Although I was recently diagnosed with endometriosis and its sister condition, adenomyosis, I have suffered from the symptoms since the 11th. Because of this, I am familiar with their effects on daily life. It can be difficult to find something to relieve the pain. Yoga has been a lifesaver for me. Although yoga is not a cure, it can help with endometriosis pain and other everyday discomforts.
What is endometriosis, and how can it be treated?
Understanding endometriosis in its entirety is important to understand how yoga can help.
Endometriosis refers to a condition in which tissue similar to the uterus lining (endometrial-like) grows outside the uterus. These lesions differ in structure and behavior from normal endometrium, which is shed during menstruation. Endometriosis tissue may cause pain, infertility and organ dysfunction. It can also be caused by inflammation, invasion of structures within the body, scar tissue, and inflammation.
Endometriosis affects approximately 1 in 10 women assigned a female gender at birth. It is very rare for people who were born to a male. Eight doctors often diagnose endometriosis.
Your doctor may suspect endometriosis. However, surgery is necessary to confirm the diagnosis.
Many theories can explain endometriosis. It is most likely a combination of an embryonic origin (tissue you were born with) and other genetic or environmental factors. Although the commonly held belief that endometriosis can be caused by menstrual backflow (“reflux menstruation”) has been disproven, it is still widely used to inform many available treatments.
Early detection can be made possible by education and awareness. It is important to be open about your symptoms. These are just a few symptoms of endometriosis.
- Periods of intense pain (pelvic pain, cramping and lower back pain, as well as abdominal pain)
- Pain during ovulation and two weeks after your period
- Your cycle may cause leg pain, neuralgia (nerve symptoms), or other discomforts.
- Back pain or hip pain
- Your cycle may cause shoulder/chest pains or shortness of air.
- Sex pain can occur during or after sex
- Periods with thick blood clots (often darker)
- Painful bowel movements and painful urination
- Excessive bleeding
- Chronic pain and fatigue
- Constipation and diarrhea
- Nausea and vomiting
- Urinary frequency, retention, and urgency that is unusual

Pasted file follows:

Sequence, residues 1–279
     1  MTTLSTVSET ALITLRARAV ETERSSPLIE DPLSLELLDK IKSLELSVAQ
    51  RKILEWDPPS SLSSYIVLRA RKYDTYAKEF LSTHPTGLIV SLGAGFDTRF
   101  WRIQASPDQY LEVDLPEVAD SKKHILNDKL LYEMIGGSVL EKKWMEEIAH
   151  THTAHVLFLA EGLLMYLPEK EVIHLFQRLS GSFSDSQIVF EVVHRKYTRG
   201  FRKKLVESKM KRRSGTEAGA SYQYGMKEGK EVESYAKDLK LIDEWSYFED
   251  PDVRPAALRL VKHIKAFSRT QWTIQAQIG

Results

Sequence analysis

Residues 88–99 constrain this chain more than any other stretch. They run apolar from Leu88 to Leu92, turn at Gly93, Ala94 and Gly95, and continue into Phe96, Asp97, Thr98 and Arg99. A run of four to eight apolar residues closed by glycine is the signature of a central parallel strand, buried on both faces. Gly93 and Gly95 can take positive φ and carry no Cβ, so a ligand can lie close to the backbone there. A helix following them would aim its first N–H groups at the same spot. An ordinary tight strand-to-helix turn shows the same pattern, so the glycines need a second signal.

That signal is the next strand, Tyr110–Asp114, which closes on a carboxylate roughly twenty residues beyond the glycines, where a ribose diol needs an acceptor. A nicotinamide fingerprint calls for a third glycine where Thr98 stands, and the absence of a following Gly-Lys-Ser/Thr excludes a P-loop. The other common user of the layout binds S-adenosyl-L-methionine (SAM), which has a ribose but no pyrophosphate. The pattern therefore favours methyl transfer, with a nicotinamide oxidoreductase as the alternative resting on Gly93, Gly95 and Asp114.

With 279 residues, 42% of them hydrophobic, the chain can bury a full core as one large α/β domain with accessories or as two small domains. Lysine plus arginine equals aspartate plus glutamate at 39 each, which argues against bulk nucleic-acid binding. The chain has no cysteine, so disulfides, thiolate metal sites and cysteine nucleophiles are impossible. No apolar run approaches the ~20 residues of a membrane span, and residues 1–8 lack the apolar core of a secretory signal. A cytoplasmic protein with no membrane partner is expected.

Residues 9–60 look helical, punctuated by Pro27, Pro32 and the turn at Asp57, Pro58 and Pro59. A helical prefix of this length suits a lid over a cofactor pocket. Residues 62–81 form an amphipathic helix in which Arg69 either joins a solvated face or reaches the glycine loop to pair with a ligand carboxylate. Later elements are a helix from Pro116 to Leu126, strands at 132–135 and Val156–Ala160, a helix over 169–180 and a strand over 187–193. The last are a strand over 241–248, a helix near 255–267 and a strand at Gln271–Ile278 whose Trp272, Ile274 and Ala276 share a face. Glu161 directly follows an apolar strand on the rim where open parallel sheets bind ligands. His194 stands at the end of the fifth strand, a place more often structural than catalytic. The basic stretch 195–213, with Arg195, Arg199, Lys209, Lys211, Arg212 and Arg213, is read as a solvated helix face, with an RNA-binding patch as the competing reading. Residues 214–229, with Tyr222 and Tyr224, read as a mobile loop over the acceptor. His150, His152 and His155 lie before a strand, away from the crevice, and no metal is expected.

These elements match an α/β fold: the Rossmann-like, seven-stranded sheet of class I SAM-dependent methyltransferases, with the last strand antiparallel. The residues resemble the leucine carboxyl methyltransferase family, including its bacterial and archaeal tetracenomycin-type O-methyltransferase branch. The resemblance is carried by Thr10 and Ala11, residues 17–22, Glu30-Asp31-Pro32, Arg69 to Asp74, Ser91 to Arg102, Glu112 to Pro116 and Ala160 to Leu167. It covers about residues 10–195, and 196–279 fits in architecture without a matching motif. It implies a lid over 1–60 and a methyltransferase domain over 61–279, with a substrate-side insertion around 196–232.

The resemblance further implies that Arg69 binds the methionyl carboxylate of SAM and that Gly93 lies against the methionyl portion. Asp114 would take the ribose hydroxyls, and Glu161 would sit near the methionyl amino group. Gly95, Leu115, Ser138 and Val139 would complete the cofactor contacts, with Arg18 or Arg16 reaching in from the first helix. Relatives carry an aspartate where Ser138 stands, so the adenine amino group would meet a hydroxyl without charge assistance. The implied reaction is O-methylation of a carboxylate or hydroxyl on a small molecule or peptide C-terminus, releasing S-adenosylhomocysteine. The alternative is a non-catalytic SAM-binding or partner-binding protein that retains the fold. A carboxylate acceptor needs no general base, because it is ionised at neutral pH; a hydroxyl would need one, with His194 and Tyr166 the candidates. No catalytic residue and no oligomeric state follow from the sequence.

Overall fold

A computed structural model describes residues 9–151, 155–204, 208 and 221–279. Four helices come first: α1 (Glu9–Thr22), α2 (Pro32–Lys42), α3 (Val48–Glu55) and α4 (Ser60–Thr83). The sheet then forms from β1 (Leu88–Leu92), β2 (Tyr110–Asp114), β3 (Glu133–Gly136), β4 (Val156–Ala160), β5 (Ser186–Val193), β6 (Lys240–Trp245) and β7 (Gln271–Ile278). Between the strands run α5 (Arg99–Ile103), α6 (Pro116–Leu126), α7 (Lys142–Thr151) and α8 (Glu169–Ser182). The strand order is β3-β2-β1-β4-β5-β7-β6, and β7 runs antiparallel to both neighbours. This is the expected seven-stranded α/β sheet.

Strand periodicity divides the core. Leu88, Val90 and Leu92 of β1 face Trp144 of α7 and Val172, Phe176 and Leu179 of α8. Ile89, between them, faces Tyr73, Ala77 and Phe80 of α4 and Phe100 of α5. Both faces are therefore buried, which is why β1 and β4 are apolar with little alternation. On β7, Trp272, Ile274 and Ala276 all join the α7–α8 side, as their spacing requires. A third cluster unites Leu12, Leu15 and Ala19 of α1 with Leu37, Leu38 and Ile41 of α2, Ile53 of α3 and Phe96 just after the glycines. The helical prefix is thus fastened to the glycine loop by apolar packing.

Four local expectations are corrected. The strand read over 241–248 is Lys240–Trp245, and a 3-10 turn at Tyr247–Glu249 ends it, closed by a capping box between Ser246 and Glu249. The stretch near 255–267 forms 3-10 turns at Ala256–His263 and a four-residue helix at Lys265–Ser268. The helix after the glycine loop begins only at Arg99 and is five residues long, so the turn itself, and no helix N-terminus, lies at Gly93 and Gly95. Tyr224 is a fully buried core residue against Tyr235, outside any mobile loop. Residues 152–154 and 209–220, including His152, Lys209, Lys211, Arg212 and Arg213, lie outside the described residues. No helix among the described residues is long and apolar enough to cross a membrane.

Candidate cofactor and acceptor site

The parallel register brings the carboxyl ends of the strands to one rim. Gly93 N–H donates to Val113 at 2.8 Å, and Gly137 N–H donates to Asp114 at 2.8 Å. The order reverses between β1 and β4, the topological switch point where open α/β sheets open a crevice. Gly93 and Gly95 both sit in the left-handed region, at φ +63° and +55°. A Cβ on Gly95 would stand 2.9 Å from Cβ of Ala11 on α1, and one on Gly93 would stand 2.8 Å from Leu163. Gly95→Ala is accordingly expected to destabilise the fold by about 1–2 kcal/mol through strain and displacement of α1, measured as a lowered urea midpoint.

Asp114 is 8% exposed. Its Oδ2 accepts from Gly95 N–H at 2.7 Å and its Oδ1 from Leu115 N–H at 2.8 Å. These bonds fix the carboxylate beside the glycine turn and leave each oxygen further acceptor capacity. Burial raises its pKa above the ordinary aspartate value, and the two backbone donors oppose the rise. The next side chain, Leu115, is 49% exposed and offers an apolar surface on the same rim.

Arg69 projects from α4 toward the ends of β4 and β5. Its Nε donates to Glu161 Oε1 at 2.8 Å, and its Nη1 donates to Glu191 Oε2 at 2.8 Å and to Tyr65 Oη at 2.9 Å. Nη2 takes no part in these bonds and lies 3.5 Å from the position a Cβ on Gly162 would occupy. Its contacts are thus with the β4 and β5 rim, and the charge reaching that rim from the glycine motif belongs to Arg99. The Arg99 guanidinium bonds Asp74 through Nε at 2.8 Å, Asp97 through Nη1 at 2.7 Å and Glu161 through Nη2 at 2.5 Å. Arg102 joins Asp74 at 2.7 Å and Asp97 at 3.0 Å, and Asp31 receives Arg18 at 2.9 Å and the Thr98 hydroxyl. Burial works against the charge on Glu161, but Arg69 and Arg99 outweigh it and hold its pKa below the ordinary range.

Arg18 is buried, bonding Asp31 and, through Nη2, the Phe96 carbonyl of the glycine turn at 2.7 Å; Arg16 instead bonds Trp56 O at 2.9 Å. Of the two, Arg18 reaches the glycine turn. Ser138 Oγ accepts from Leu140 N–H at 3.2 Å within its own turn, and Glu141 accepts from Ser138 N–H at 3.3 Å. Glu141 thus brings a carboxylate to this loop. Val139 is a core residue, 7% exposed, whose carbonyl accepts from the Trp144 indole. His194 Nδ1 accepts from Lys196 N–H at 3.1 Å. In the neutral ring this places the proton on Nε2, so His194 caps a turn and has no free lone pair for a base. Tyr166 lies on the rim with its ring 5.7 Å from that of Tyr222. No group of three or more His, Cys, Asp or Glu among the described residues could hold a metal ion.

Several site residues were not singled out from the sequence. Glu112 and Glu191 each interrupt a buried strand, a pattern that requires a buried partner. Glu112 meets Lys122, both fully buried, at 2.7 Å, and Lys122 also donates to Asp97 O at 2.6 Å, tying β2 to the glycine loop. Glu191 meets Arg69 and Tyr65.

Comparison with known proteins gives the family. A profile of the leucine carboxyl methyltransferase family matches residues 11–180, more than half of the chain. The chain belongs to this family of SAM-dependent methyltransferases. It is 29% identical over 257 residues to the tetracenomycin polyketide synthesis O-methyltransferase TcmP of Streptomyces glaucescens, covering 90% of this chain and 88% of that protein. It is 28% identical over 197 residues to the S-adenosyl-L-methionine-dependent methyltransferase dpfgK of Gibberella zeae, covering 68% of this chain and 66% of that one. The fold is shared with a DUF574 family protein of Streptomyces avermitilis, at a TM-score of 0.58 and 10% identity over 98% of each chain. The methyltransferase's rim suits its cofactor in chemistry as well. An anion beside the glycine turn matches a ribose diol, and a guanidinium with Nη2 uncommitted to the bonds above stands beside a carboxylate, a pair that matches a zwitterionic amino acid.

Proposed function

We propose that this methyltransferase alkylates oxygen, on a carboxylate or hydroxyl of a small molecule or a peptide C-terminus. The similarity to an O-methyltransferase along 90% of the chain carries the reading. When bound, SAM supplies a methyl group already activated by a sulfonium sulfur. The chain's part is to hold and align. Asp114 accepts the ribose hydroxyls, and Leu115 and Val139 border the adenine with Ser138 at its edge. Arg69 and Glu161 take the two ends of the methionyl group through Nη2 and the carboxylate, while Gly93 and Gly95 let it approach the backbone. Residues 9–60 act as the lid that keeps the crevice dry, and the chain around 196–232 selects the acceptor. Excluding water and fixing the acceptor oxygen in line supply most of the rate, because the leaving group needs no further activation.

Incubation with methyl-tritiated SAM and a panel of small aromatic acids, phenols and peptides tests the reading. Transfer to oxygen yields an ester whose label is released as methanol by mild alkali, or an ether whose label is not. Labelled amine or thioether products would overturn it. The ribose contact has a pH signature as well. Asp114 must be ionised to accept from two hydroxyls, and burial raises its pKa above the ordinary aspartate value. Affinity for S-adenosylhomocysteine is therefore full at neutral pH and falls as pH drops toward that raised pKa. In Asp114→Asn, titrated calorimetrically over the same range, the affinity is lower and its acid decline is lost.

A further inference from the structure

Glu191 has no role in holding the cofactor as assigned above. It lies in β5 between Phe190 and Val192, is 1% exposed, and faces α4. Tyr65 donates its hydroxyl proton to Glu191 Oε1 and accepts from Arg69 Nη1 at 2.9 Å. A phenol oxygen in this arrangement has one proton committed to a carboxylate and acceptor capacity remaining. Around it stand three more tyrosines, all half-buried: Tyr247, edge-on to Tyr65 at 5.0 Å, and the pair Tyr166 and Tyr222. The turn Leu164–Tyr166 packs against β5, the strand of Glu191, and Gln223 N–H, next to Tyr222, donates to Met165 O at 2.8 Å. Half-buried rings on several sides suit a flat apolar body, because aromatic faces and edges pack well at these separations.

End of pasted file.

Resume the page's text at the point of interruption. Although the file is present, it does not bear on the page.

- Allergies and other immune-related issues
- Although many people can have children, infertility and pregnancy death are common.
What is the treatment for endometriosis?
Surgery can sometimes be successful in completely removing endometriosis. It does not eliminate the condition for many. Along with those that are not possible to treat, these cases shift the focus to managing the symptoms. This can be done by using hormone treatment, painkillers and the contraceptive pill. Certain lifestyle tools can make it easier to live with endometriosis. These include Chinese herbs, acupuncture, diet changes, therapy and massage, and yoga.
Yoga can be used to treat symptoms of endometriosis
Yoga may be able to help with endometriosis symptoms, according to research. Brazilian researchers randomly divided 40 patients with the condition into two groups. One group did a gentle Hatha yoga routine while the other went about their daily lives. The yoga group attended two ninety-minute classes each week for two months.
Endometriosis can cause several problems for women. Their nervous system and immune system are constantly under attack. The body heals better when it isn’t in a stressful fight-flight-freeze state. Endometriosis can be treated with yoga.
Yoga can help you relax and make your pain less severe by calming the body. You will feel less discomfort if you do gentle asanas, meditate, and breathe exercises. Certain yoga poses can relax tension in the pelvis and abdomen and increase blood flow.
Yoga is not all good
It’s important to understand that not all yoga can relieve the pain of endometriosis. Some styles can make the condition worse. It is particularly true for more intense styles like Power yoga or Ashtanga, which can cause too much heat in the pelvic and abdomen. These styles can cause flare-ups, especially if you do them while on your period.
For most endometriosis sufferers, slower styles of yoga-like Restorative Yoga, Yin Yoga and Hatha Yoga, will be a better fit. All styles help create more space and relaxation for the pelvic region and calm the mind.
In my many years of experience with endometriosis and my workshops, retreats and coaching sessions focused on menstrual health and hormonal disorders, I have discovered a few poses that can be particularly helpful for women who suffer from severe or persistent pelvic or menstrual pain.
When you feel pain in one area of your body, you will try to contract around it to reduce the pain. This doesn’t work. Contrasting and “disconnecting” actually causes more pain than it helps to alleviate. As paradoxical as it may seem, you can ease the pain by relaxing and moving toward your belly.
Instead, allow your belly to breathe in and out. The belly will move forward with each inhalation. The belly will drawback in with every exhalation.
Even if you don’t do any poses because you lack energy or you’re in too much pain for any reason, it’s worth taking some time to relax your belly and ease any pain you are experiencing. Try to relax your jaw because the tension in the jaw can often reflect tension in the pelvic floors. Your pelvic floor will also relax if you can relax your jaw.